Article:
Right to Work

Indiana is currently embroiled in the discussion of Right To Work. Right to work is a bill put before the Indiana legislature that would, if passed, make it illegal for employers to require employees to join a union or pay union dues (HB 1468). Currently, if you are hired at an employer that utilizes union labor, you are required to join the union and to pay union dues. These union dues are often deducted from your paycheck automatically.

I've had first hand experience with this scenario. In my teens, I worked as a bagger at a Kroger grocery store. Kroger employees are members of the AFL-CIO. As a condition of my employment, I had to join the union, and union dues were automatically deducted from my paycheck. I only worked part-time, and I was paid minimum wage. My union dues were around $5.00 on each two week check, which means that for one hour every two weeks, I was sending my pay directly to the union. That was a pretty significant portion of my income when I only worked a few hours each week (between 8 and 24 depending on whether school was in session). I never met my union steward, attended a union meeting, or really felt a part of the union. Still, every two weeks an hours pay went to the union. It was frustrating! Still, the union did negotiate our breaks (one paid 15 minute break if you work 4 hours, two if you work six, and two paid 15 minute breaks plus a paid 30 minute lunch if you worked 8 hours). I believe that unions have their place, and that there is definitely a need to unionize. I believe that unions can and do provide benefits to their members. However, I also feel that our nations largest unions are no longer effective.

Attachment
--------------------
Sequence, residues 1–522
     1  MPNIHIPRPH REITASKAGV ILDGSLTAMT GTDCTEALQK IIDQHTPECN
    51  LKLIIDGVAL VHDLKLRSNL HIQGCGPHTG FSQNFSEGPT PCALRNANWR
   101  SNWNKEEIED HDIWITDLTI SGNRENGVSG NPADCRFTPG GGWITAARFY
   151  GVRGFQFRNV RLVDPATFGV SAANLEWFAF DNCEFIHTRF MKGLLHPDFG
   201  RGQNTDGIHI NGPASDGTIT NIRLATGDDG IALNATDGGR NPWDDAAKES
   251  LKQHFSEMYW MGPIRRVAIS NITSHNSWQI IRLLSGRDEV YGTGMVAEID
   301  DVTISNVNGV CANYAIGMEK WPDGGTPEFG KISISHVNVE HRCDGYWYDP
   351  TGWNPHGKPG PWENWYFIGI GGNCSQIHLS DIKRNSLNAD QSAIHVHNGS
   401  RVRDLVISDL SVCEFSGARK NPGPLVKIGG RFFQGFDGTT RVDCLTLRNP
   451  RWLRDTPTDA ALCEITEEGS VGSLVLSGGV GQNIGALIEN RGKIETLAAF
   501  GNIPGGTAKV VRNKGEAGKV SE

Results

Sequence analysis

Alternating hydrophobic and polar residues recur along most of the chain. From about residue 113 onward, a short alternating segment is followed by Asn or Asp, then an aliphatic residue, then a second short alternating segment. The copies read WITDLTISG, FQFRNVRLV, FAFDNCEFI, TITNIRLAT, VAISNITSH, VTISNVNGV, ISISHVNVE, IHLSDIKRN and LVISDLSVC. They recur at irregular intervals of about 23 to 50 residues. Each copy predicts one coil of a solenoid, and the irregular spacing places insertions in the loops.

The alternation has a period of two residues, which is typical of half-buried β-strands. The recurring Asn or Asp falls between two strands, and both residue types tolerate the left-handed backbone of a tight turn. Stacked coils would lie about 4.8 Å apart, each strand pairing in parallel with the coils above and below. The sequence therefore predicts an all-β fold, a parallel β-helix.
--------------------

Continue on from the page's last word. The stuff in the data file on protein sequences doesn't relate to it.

On the one hand, I can definitely see the argument for eliminating the requirement to join or pay dues to a union. As a teenager, I definitely would have taken the option to keep that money for myself. What I wouldn't have realized then is that, without the union, I might not be making that same hourly wage. My break times might not be paid either, or even exist for that matter. If I didn't pay those dues, I would effectively be free-loading on the union. I would be receiving the benefits of union membership without joining the union.